My question is.... Can I boot in this board from a SATA 3 port? Previously my Windows performance index was limited by the lowest index which was the Hard Disks (both Western Digital Caviar Black 1TB ). Since both were SATA 2 (3GB/s max), I figure that if I upgrade the OS drive to SATA 3 (6GB/s max) I would boost up the system index. But there is a strange label in the mobo SATA ports about booting from SATA 3 saying that for increased performance use the SATA 2 boards?!!! what's the purpose of having a mobo with SATA 3 if they suggest using old technology for better performance????
Please advise, I need to buy the HDD today and I would like it to be SATA 3.
OS: Windows 7 Ultimate 64-bits (installed months ago with the previous mobo)
you didnt re-install windows on this new motherboard? if not this is your issue 100% your previous install of windows was for your previous motherboard and CPU combo this will be completely different from this one unless it was a VERY similar board and CPU.
reinstall windows on a new HDD so you can later recover any info from your original drive
also if you call Microsoft and activate by phone tell them your replacing the motherboard due to catastrophic failure they will let you activate it, I'm not sure about visual studio.
Last edited by InlineR; 11-25-2012 at 12:44 AM.
panamavibes, you can put a SATA II drive on a SATA III port, or a SATA III drive on a SATA II port, it makes no difference and nothing is incompatible or will be damaged. All DVD drives are SATA I, but they work on SATA II ports just fine too. But, the top gray SATA III ports are provided by the ASMedia add on SATA chipset, do not use those to boot from or install Windows. They are secondary, and do not provide full SATA III performance.
The two gray SATA ports between the top gray ports, and black ports below, are the Intel SATA III ports. Those and the black SATA II ports below them are the main SATA interface on your board. Please check the manual for your board, it will save you so much time and pain.
You will need to do a fresh installation of Windows for your new CPU and board. There is no way you can avoid that.
Do not bother buying a SATA III HDD, and I mean a standard, mechanical hard disk drive, not a SSD. There are NO SATA III HDDs that provide performance beyond the limits of SATA II speeds. Actually, the majority of SATA II and SATA III HDDs do not surpass the maximum speeds that SATA I provides.
I wonder why they evolve SATA standards if the speed cannot be attained? sounds weird to me. I would like to believe that IF they HDD is SATA III and the connection is SATA III as well then it should be possible.
As for the reference to "top grey connectors" that depends on what you mean by "top" is it top as in top row of SATA connectors with bottom row being the ones closest to the motherboard face? or top as in the two SATA closest to the Z77 chip?
Closest to the Z77 chip is the SATA3_A0_A1 connectors with A0 that I left unconnected to a cable because if the eSATA on the I/O panel is connected externally then the internal connector is not usable.
Then there is the SATA3_0_1 (grey as well). However the manual (which is ambiguous in several sections) seems to indicate (not explicitely) that the SATA3_A0 & A1 connectors are from the ASMedia.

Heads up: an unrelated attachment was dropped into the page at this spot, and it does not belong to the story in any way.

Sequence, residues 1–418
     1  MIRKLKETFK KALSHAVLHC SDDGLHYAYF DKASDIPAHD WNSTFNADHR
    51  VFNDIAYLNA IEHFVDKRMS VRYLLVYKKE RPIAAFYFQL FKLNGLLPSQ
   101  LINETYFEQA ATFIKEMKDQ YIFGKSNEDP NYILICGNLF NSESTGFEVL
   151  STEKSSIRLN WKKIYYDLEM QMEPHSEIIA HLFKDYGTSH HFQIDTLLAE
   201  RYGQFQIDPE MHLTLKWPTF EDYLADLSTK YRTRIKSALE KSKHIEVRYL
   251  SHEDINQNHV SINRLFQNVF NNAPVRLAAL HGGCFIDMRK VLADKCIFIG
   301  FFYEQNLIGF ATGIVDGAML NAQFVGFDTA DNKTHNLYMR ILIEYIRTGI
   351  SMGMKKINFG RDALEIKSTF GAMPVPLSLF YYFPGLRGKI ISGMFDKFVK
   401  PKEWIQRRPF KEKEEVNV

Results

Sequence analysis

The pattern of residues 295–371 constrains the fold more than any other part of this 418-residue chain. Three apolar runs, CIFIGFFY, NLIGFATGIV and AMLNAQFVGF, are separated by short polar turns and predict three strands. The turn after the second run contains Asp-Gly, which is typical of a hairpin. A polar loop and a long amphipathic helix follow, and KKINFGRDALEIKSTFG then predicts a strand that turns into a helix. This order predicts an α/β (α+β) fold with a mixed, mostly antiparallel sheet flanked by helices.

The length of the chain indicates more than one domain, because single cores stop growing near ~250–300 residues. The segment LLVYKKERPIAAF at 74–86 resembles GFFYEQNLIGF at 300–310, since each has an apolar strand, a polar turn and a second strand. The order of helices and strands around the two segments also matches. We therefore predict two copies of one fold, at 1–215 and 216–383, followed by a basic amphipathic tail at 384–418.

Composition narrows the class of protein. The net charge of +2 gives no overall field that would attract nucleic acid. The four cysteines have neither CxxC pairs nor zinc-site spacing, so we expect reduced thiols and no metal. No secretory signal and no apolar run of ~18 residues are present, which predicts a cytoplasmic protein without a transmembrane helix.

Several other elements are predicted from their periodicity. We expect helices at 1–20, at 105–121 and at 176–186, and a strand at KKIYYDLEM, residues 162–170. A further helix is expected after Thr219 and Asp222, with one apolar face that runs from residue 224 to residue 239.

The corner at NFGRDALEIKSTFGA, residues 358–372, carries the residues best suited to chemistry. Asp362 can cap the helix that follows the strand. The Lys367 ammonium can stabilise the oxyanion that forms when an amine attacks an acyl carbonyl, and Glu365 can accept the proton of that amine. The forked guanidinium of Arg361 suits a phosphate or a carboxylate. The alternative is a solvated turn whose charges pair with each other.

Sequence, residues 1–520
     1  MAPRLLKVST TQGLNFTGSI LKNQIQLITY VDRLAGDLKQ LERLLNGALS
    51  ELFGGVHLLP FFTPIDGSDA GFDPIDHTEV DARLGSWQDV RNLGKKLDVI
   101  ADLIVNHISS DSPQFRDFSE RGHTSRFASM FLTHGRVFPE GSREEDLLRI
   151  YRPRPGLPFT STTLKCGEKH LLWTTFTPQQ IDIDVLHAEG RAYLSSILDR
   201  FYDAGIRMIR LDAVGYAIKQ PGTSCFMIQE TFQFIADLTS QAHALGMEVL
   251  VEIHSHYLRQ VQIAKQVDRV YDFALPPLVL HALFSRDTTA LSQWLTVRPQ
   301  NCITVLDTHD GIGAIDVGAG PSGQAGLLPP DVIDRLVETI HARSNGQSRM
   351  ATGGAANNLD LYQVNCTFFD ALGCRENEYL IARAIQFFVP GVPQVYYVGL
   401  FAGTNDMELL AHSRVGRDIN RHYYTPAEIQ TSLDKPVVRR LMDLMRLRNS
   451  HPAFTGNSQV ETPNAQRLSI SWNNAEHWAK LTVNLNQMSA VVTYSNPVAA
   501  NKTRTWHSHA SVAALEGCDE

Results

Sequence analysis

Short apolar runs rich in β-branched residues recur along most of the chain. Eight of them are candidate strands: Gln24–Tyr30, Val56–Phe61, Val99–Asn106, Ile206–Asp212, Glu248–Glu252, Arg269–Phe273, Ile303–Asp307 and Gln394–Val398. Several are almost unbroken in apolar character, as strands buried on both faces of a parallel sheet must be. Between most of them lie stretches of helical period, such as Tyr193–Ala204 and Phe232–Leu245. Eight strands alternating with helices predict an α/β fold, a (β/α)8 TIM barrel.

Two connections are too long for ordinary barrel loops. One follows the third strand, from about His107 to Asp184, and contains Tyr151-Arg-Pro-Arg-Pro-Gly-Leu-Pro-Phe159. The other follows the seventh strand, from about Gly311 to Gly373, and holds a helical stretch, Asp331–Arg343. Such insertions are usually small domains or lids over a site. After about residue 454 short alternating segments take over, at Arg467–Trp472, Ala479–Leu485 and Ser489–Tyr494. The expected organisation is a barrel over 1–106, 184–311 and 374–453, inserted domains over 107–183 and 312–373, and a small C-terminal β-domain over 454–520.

The OS reinstallation is going to cause me major problems too, I will have to reactivate: Windows 7, Microsoft Office, Visual Studio, Kaspersky, Microsoft Flight Simulator X and a few other s/w packages.
SATA standards evolve, but not all technologies keep up. SSDs are now at the SATA III speed limit for sequential read speeds, and close to it for writes. HDDs are far behind SSD speed in every way. Check any HDD advertisement or the specifications, see any read or write speed specs? They say SATA II or SATA III, which is also a protocol, but nothing about performance. Try a benchmark program on a HDD, I was surprised too. My "SATA III" 64MB cache 2TB HDD, brand new and empty, so fastest part of the drive, did not reach 150MB/s sequential read speed.
Here's the SATA port layout of your board:
By top I meant the the top pair of the stack of SATA ports, as the board is viewed mounted in a PC case.
11 is the two ASMedia SATA III ports.
12 is the two Intel SATA III ports.
13 and 14 are the four Intel SATA II ports.
Regarding booting from your OS installation done on your X58/i7-920 PC: You can try it, your hardware won't be damaged but consider this. So much has changed in three CPU generations, Intel has evolved from two CPU support chips, the X58 and ICH10R on your Intel board, to one chip, the Z77 on your new board, and moved most of the functions of the X58 chip to the CPU itself. The software and drivers have changed along with the hardware. The list of the support software that won't be changed is much shorter, if any at all, than what will change. Most of the Windows registry will need to be updated. Etc, etc, etc...
But do yourself a favor before you try it, if you do. Create an entire backup image of your current OS on another drive, since even if the moved OS worked, it won't work on the old system anymore.
What am I thinking, geez! A Windows installation is "connected" to a mother board. When moved to another, it will detect that and force you to reactivate Windows anyway, and probably everything else you mentioned too.
Thanks, all connections are properly installed. As the previous installation refused to boot with my new ASRock motherboard and I needed my old drives to recover the data, I was forced to buy a new HDD (got the SATA III after all, 1TB) and reinstall EVERYTHING.
Obviously I am still in the process of reactivating all my payware software and copying my data that was in that drive (configurations) as well as reconfiguring my whole development & gaming rig. A big task but at least so far no problems.